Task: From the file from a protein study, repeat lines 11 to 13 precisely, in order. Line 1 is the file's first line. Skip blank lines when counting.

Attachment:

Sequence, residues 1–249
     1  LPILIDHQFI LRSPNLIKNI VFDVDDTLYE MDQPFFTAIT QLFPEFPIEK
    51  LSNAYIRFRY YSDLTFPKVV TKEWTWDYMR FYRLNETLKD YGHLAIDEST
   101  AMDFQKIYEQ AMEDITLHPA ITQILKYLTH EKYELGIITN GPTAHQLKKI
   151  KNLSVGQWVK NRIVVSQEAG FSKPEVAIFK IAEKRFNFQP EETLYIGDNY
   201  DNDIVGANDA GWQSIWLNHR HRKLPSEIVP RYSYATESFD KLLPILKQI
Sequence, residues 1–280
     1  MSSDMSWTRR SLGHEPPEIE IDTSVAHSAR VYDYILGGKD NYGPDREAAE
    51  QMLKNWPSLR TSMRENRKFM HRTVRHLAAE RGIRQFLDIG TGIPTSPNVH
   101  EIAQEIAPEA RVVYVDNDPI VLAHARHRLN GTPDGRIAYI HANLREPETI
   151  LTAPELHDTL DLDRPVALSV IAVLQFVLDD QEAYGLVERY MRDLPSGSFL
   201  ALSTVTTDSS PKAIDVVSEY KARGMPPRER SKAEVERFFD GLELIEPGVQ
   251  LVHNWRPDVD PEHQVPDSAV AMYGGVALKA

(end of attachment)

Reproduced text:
   151  LTAPELHDTL DLDRPVALSV IAVLQFVLDD QEAYGLVERY MRDLPSGSFL
   201  ALSTVTTDSS PKAIDVVSEY KARGMPPRER SKAEVERFFD GLELIEPGVQ
   251  LVHNWRPDVD PEHQVPDSAV AMYGGVALKA